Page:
II homology

Information about II homology

Published on October 10, 2007

Author: Lindon

Source: authorstream.com

Content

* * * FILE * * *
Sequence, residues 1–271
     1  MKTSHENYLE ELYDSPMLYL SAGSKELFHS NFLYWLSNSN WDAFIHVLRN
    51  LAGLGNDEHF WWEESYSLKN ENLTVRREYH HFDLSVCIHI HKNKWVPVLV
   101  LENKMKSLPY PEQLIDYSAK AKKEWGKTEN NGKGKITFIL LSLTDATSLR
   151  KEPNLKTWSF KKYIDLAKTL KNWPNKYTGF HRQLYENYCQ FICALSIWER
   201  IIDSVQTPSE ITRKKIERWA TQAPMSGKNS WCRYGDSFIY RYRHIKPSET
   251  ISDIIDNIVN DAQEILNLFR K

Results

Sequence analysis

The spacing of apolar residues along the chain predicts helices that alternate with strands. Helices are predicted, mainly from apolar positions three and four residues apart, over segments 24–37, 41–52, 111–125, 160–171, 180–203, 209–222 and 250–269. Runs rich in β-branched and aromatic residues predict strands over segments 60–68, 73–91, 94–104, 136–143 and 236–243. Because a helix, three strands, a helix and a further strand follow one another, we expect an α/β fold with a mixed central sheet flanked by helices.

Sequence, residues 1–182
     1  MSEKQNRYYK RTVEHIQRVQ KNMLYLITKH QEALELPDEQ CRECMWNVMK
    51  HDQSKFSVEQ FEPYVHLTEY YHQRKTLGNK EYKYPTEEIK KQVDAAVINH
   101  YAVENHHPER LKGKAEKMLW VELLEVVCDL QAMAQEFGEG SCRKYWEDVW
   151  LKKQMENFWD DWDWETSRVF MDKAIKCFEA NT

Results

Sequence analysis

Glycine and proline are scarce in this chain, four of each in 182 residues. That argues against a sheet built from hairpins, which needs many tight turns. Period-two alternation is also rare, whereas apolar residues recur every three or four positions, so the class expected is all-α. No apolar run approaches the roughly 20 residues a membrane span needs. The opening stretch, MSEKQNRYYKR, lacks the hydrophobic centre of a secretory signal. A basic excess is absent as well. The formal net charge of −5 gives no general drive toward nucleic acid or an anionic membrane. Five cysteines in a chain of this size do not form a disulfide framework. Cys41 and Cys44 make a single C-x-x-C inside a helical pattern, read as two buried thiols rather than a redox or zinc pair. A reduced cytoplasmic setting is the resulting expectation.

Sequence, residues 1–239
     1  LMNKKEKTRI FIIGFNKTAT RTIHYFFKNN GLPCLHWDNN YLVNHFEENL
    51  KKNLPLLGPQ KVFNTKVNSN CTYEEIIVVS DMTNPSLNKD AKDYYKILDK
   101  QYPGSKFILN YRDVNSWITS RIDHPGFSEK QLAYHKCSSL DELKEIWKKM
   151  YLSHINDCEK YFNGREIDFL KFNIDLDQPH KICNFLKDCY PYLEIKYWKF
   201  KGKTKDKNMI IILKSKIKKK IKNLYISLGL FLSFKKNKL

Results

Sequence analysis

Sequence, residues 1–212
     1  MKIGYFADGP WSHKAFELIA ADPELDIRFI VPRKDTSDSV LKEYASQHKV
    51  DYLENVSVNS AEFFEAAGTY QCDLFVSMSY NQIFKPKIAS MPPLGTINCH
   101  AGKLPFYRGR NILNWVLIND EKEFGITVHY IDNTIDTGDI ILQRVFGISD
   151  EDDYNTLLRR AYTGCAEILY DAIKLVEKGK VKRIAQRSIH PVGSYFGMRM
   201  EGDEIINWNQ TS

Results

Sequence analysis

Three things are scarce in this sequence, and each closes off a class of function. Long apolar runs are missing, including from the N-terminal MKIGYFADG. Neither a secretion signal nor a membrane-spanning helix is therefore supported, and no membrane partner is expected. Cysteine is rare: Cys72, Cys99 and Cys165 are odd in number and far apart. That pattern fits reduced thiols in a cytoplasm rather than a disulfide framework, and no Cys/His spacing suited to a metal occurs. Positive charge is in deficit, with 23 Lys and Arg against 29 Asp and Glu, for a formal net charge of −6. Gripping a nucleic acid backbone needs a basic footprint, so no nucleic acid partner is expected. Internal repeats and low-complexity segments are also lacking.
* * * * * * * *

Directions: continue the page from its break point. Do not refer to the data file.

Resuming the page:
Morphology and homology:  Morphology and homology 22 Key Concepts::  Key Concepts: Anatomical comparisons help reconstruct patterns of change through time Biochemical comparisons also provide evidence of macroevolution Diversity characterizes the distribution of species through time Taxonomy is concerned with identifying and naming new species Slide3:  Fig. 20.2, p. 312 Examples of natural selection provide evidence of evolution:  Examples of natural selection provide evidence of evolution Copyright © 2002 Pearson Education, Inc., publishing as Benjamin Cummings Insecticides are poisons that kill insects that are pests in crops, swamps, backyards, and homes. The evolution of resistance to insecticides in hundreds of insect species is a classic example of natural selection in action. The results of an application of a new insecticide are typically encouraging, killing 99% of the insects. However, the effectiveness of the insecticide becomes less effective in subsequent applications. Slide5:  Copyright © 2002 Pearson Education, Inc., publishing as Benjamin Cummings The few survivors from the early applications of the insecticide are those insects with genes that enable them to resist the chemical attack. Only these resistant individuals reproduce, passing on their resistance to their offspring. In each generation the percentage of insecticide-resistant individuals increases. Slide6:  Copyright © 2002 Pearson Education, Inc., publishing as Benjamin Cummings Fig. 22.12 Slide7:  In descent with modification, new species descend from ancestral species by the accumulation of modifications as populations adapt to new environments. The novel features that characterize a new species are not entirely new, but are altered versions of ancestral features. Similarity in characteristics resulting from common ancestry is known as homology. Copyright © 2002 Pearson Education, Inc., publishing as Benjamin Cummings Slide8:  Descent with modification is indeed evident in anatomical similarities between species grouped in the same taxonomic category. For example, the forelimbs of human, cats, whales, and bats share the same skeletal elements, but different functions because they diverged from the ancestral tetrapod forelimb. They are homologous structures. Copyright © 2002 Pearson Education, Inc., publishing as Benjamin Cummings Fig. 22.14 Homologous Structures:  Homologous Structures Vertebrate forelimbs Slide10:  Some of the most interesting homologous structures are vestigial organs, structures that have marginal, if any, importance to a current organism, but which had important functions in ancestors. For example, the skeletons of some snakes and of fossil whales retain vestiges of the pelvis and leg bones of walking ancestors. Copyright © 2002 Pearson Education, Inc., publishing as Benjamin Cummings Slide11:  Sometimes, homologies that are not obvious in adult organisms become evident when we look at embryonic development. For example, all vertebrate embryos have structures called pharyngeal pouches in their throat at some stage in their development. These embryonic structures develop into very different, but still homologous, adult structures, such as the gills of fish or the Eustacean tubes that connect the middle ear with the throat in mammals. Copyright © 2002 Pearson Education, Inc., publishing as Benjamin Cummings Comparative Embryology:  Comparative Embryology Early vertebrate embryos strongly resemble one another Same plan of development Comparative Morphology:  Comparative Morphology Homology Similarity in body parts in different organisms Attributable to descent from a common ancestor Analogy Similarity in body parts in different organisms Attributable to similar environmental pressures Slide14:  Fig. 20.5, p. 315 jawless fishes land-dwelling stem reptiles class Chondrichthyes (cartilaginous fishes) class Reptilia (reptiles) class Aves (birds) class Mammalia (mammals) shark penguin porpoise pectoral fin flipper (derived from a wing) flipper (derived from a foreleg) Slide15:  The geographical distribution of species -- biogeography -- first suggested evolution to Darwin. Species tend to be more closely related to other species from the same area than to other species with the same way of life, but living in different areas. For example, even though some marsupial mammals (those that complete their development in an external pouch) of Australia have look-alikes among the eutherian mammals (those that complete their development in the uterus) that live on other continents, all the marsupial mammals are still more closely related to each other than they are to any eutherian mammal. Copyright © 2002 Pearson Education, Inc., publishing as Benjamin Cummings Slide16:  For example, while the sugar glider and flying squirrel have adapted to the same mode of life, they are not closely related. Instead, the sugar glider from Australia is more closely related to other marsupial mammals from Australia than to the flying squirrel, a placental mammal from North America. The resemblance between them is an example of convergent evolution. Copyright © 2002 Pearson Education, Inc., publishing as Benjamin Cummings Fig. 22.15 Slide17:  In island chains, or archipelagos, individual islands may have different, but related, species --the first mainland invaders reached one island and then evolved into several new species as they colonized other islands in the archipelago. Several well-investigated examples of this phenomenon include the diversification of finches on the Galapagos Islands and fruit flies (Drosophila) on the Hawaiian Archipelago. Copyright © 2002 Pearson Education, Inc., publishing as Benjamin Cummings Slide18:  Copyright © 2002 Pearson Education, Inc., publishing as Benjamin Cummings Fig. 22.16 All of the 500 or so endemic species of Drosophila in the Hawaiian archipelago descended from a common ancestor that reached Kauai over 5 million years ago. Slide19:  The succession of fossil forms is compatible with what is known from other types of evidence about the major branches of descent in the tree of life. For example, fossil fishes predate all other vertebrates, with amphibians next, followed by reptiles, then mammals and birds. This is consistent with the history of vertebrate descent as revealed by many other types of evidence. In contrast, the idea that all species were individually created at about the same time predicts that all vertebrate classes would make their first appearance in the fossil record in rocks of the same age. This is not what paleontologists actually observe. Copyright © 2002 Pearson Education, Inc., publishing as Benjamin Cummings Slide20:  The Darwinian view of life also predicts that evolutionary transitions should leave signs in the fossil record. For example, a series of fossils documents the changes in skull shape and size that occurred as mammals evolved from reptiles. Recent discoveries include fossilized whales that link these aquatic mammals to their terrestrial ancestors. Copyright © 2002 Pearson Education, Inc., publishing as Benjamin Cummings Fig. 22.17 Evidence from Comparative Biochemistry:  Evidence from Comparative Biochemistry Molecular clocks Neutral mutations Protein comparisons Cytochrome C Nucleic Acid comparisons Base-pairing of DNA or RNA from one species to another Slide22:  Fig. 20.9, p. 318-19 Slide23:  Fig. 20.13, p. 322-23 GREEN PYTHON NILE CROCODILE SEA TURTLE CHAMELEON DINOSAURS OWL Slide24:  Fig. 20.14, p. 324 Lamprey Turtle Cat Gorilla Lungfish Trout Human How Many Kingdoms?:  How Many Kingdoms? Whittaker’s Five-Kingdom Scheme Monera Protista Fungi Plantae Animalia Six Kingdom Scheme:  Six Kingdom Scheme Carl Woese Includes the Archaebacteria